Etosha Park

Trying to put Etosha Park into words is going to be work. We’ve just spent three nights here, pressing on now toward Botswana.

Etosha is all about the animals, animals without fences. There are fences in Etosha, around the camps and around the odd Picnic spot, but they are for the people,  not the animals.

The Park has been created around the Etosha Pan, an ancient deep lake that is now mostly dry. The geography of the area just seems to be perfect for attracting the best of Africa’s wildlife.

If you go to Etosha in the dry season, all you need to do to see amazing numbers and varied species of animals is hang about a watering hole, and everything comes to you. We are here during the wet season, an unusually wet one at that. For us the watering holes were amazing for bird life, but not much else. We had to go looking.

The Etosha experience goes something like this. Wake up early and pack up. The gates to the camps open at sunrise, and close again at sunset. No driving is allowed in the park outside of these hours, for the protection of the animals. We were here at equinox, so 7 to 7 were our hours, exactly one day. We usually got on the road by 8.

Our days in Etosha were spent driving, slowly, from one campground to the next. There were tons of people like us, self-drivers and safari trucks for those on tour. You see something you want to gawk at, and you just stop anywhere. There are watering holes throughout the park. Just don’t ever leave your vehicle. Only head and shoulders are allowed out. Have to pee? Forget it.

Ray and I would find a gated picnic spot around mid morning and stop for breakfast, and then continue on until late afternoon. We started at the first western-most camp, moved to the middle and finally ended near the eastern gate.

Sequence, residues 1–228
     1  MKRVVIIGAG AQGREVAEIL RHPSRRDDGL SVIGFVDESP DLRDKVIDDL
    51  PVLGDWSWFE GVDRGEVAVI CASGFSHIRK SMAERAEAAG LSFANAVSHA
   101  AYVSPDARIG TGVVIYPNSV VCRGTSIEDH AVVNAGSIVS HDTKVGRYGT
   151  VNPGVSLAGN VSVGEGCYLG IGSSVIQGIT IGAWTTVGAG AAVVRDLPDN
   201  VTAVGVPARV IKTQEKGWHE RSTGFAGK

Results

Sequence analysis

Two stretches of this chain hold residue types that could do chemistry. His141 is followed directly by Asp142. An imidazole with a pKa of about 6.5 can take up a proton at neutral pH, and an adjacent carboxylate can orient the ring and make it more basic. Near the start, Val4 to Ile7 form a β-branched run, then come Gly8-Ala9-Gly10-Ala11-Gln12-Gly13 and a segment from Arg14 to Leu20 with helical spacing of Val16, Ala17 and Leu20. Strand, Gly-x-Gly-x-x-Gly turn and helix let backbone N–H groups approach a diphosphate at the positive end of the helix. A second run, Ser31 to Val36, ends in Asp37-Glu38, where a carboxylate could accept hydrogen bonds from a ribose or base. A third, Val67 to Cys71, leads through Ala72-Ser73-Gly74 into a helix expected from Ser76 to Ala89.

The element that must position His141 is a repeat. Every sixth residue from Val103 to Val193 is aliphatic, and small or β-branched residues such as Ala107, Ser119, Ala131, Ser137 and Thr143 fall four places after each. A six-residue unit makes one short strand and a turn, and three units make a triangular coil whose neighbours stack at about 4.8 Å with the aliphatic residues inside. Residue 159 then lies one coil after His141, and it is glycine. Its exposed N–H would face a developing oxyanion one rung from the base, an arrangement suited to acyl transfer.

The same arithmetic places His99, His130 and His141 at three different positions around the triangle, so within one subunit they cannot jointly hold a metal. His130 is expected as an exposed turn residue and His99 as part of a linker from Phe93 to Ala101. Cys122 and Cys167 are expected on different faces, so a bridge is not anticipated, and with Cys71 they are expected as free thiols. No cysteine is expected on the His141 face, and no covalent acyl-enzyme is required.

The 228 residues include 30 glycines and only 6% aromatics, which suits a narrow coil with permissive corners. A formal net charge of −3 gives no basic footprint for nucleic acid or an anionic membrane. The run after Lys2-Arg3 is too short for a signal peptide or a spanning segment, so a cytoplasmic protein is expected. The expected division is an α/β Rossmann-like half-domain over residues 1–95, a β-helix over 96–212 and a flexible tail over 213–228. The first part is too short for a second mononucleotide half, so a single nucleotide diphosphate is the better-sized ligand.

Each camp is slightly different but with similar services; at least one pool, restaurant and a watering hole. We would set camp and head off for a swim for a couple of hours. I made dinner each night and then we’d pack up a bottle of wine and two glasses and head off to the watering hole. We’d watch the sunset, and once dark the lights would come on. Because of the season we had no real luck with mammals, but the birds were amazing and the zen of the water hole was fantastic.

One day we got caught up in a mixed herd of zebra and giraffes, babies and all. They surrounded our truck. It was tough to keep to the head and shoulders rule. We saw herds of springbok, wildebeest, ostrich, oryx, impalas, hartebeest, honey badger and jackals. We caught a rhino about to cross the road, and if it hadn’t been for another vehicle coming by we’d have got up close and personal with him. It was amazing to be just us out there experiencing this. One day someone told us of a lion, look for the cars he said. There were only 4 vehicles, not a crowd by any means. We looked and looked for him, and then he stood up – a huge male lion.

My goal in life has become seeing an elephant in the wild. Etosha is famous for them, and this German dude showed up at the pool talking about seeing about 20 in a herd. I can’t believe they have eluded us. Our last morning in the park we go off with a purpose. They must have been just ahead of us, telling by the still steaming poop we found everywhere, but I never saw the elephants.

Now we’re on our way to Botswana, camped across the river from Angola. I’m told I’ll see elephants. I just heard a hippo.

I love Africa!

The Skeleton Coast
The Caprivi Strip

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